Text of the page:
These thick, creamy yoghurts are so delicious you’d be forgiven for thinking they contained much more luxurious ingredients. Peach and raspberry are my family’s favourite variations, but you can make them in a wide range of flavours. They are perfect for serving to people who ‘don’t like yoghurt’ or visiting children who are used to commercial fromage frais.
As with most of my flavoured yoghurt recipes, this recipe ensures you are not left without a natural starter yoghurt for your next batch of yoghurts.
This recipe makes 4-5 delicious, thick fruit yoghurts and one natural yoghurt starter for your next batch of yoghurts. You will also have enough leftover whey for two batches of fruit muffins!
The Fruit Syrup
The fruit flavour of these yoghurts comes simply from a fruit syrup – the kind you add to water to make drinks.
Choice is limited at our supermarket but I really like this Lowicz fruit syrup which is free of glucose-fructose syrup and sweetners. My supermarket only has it in raspberry or raspberry and lemon, both of which make lovely yoghurts. Growing up, we always used Tessiere syrups which come in a bamboozling array of flavours ensuring yoghurt-making was never boring. Moulin de Valdonne are also great. Our family favourite flavours for this recipe are peach and raspberry.
These types of syrups each come with a recommended dilution level when made into drinks – 1 to 9 for Lowicz, 1 to 7 for Tessiere, for example. This means you may need to experiment a little with your chosen syrup brand to find the amount of syrup you need for the strength of flavour and sweetness you prefer.
Thick Fruit Yoghurts RecipeJump to the brief, printable recipe
Empty your starter yoghurt into a large bowl or jug. 120-150g of natural yoghurt is enough to culture this recipe. Add 1 litre of whole UHT milk to the yoghurt, starting with just a little, and stir really well.
Remember you can’t use fresh milk to make yoghurts like this. For all my tips on the basics of yoghurt-making, please see my core natural yoghurt recipe.
Ladle out one pot of the plain yoghurt mixture, which will be your starter for a future batch of yoghurts.
To the remaining yoghurt mixture, add 100g of your chosen fruit syrup (or to taste) and 60g of white sugar.
Stir the mixture really well until all the sugar has dissolved.
Ladle or pour the flavoured yoghurt mixture into a 1-litre tub suitable for your yoghurt maker. If you have one, this should have the strainer fitted.
Place the yoghurt in your yoghurt maker, following the manufacturer’s instructions.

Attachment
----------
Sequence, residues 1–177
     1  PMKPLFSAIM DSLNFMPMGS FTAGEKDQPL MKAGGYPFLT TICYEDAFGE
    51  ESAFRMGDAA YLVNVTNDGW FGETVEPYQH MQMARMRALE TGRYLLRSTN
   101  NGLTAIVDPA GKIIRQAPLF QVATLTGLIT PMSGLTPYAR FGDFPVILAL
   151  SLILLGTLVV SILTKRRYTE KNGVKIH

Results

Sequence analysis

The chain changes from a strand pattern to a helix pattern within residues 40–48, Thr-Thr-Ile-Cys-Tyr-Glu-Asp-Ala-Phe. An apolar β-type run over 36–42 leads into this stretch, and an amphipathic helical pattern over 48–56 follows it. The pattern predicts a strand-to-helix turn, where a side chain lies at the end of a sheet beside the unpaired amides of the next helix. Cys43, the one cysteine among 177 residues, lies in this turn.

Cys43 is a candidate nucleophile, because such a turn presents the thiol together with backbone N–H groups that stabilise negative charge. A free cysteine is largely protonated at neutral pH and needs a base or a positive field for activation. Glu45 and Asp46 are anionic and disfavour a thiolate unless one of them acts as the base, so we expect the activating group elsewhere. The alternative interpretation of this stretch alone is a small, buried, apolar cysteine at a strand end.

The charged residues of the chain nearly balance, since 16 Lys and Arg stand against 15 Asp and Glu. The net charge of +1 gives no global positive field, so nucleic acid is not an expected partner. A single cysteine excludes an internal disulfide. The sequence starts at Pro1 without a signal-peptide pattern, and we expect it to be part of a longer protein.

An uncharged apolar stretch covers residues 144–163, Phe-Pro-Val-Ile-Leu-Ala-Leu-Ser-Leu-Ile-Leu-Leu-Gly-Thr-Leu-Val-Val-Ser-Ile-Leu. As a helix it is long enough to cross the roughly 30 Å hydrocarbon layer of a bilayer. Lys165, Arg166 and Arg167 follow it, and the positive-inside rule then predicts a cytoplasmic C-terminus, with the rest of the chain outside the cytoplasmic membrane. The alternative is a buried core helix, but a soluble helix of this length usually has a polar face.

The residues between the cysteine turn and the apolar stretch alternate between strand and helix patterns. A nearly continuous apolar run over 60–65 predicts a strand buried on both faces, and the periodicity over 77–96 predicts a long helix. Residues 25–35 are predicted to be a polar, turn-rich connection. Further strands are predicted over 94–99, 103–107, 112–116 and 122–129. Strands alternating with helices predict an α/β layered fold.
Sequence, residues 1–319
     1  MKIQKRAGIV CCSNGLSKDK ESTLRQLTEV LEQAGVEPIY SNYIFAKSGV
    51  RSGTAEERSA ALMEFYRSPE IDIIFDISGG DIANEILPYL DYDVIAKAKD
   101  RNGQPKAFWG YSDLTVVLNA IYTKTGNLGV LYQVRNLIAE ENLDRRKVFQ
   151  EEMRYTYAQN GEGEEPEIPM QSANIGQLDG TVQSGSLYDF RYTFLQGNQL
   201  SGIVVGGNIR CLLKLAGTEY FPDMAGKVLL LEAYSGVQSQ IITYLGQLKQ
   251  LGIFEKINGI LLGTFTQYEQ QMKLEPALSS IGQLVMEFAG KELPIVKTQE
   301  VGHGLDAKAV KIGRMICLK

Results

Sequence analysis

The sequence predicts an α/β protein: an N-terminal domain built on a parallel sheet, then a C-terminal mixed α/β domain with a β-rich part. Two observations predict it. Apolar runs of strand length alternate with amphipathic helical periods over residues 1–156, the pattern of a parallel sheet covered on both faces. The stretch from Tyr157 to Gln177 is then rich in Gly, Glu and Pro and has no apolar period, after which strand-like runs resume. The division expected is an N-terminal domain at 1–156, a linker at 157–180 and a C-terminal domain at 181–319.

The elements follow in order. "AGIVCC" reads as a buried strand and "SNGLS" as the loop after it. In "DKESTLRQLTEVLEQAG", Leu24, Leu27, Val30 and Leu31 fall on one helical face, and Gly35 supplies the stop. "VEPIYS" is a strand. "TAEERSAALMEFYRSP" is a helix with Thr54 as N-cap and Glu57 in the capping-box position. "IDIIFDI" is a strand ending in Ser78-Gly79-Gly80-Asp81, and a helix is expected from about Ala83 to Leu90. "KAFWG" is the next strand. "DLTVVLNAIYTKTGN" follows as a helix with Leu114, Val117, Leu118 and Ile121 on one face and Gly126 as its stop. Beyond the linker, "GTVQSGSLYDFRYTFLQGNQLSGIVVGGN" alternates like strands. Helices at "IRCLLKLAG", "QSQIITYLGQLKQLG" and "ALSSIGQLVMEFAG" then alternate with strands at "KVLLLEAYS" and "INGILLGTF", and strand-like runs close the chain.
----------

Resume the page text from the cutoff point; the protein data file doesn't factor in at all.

Set the fermentation time for 10 hours.
At the end of the fermentation time, cool the yogurts on the kitchen side for half an hour or so. You can now cover and refrigerate the natural starter yoghurt.
If your tub containing the fruit-flavoured mixture is fitted with a strainer, you now set it in the straining position (left). If you don’t have a purpose-built strainer, then place a sieve over a bowl, line it with cheesecloth and gently spoon your yoghurt into that (right). Cover and refrigerate overnight.
In the morning, you should have around 530g of yoghurt and around 575ml of whey. See my post on what to do with your leftover whey. You can see in the following photo how the level of the yoghurt has dropped. The gorgeously-pink whey has gathered in the bottom of the tub.
Transfer the strained fruit yoghurt into a small bowl. You can see in this photo how thick the yoghurt now is:
Stir the yoghurt gently, and then portion it out into 4 or 5 jars, small glasses or serving dishes. Cover and refrigerate until serving.
When it comes to serving your thick fruit yoghurts, they are delicious just as they are, but you can also serve them topped with fresh, frozen or tinned fruit, or a fruit purée.
Thick Fruit Yoghurt Printable Recipe
Extra-Special Thick Fruit Yoghurts
- yoghurt maker
- 120-150 g full-fat natural yoghurt
- 1 litre whole UHT milk (see Notes)
- 100 g fruit syrup
- 60 g white sugar
Day One (Morning)
- Empty your starter yoghurt into a large bowl or jug.
- Add the milk to the yoghurt, starting with just a little, and stir really well.
- Ladle out one pot of the plain yoghurt mixture, which will be a starter for a future batch of yoghurts.
- To the remaining yoghurt mixture, add the fruit syrup and sugar.
- Stir the mixture really well until all the sugar has dissolved.
- Ladle or pour the flavoured yoghurt mixture into a 1-litre tub suitable for your yoghurt maker.
- Place the yoghurt in your yoghurt maker, following the manufacturer’s instructions.
- Set the fermentation time for 10 hours.
Day One (Evening)
- At the end of the fermentation time, cool the yoghurts on the kitchen side for half an hour.
- Cover and refrigerate the natural starter yoghurt.
- Strain the fruit-flavoured yoghurt by setting your tub in the straining position or by gently spooning the yoghurt into a cheesecloth-lined sieve over a bowl. Cover and refrigerate overnight.
Day Two (Morning)
- Transfer the thickened fruit yoghurt into a small bowl.
- Stir the yoghurt gently, and then distrubute it between 4 or 5 small glasses or serving dishes.
- Cover and refrigerate until serving.
If you’d make these yoghurts I’d love to hear from you in the comments below!
If you like these yoghurts, take a look at my extra-special Black Cherry Yoghurts recipe, which is a variation on this one. For a more economical fruit yoghurt recipe, check out my Every-Day Fruit Yoghurt recipe.
Don’t forget to make some delicious muffins with your leftover whey!
Click here to see all my family recipes.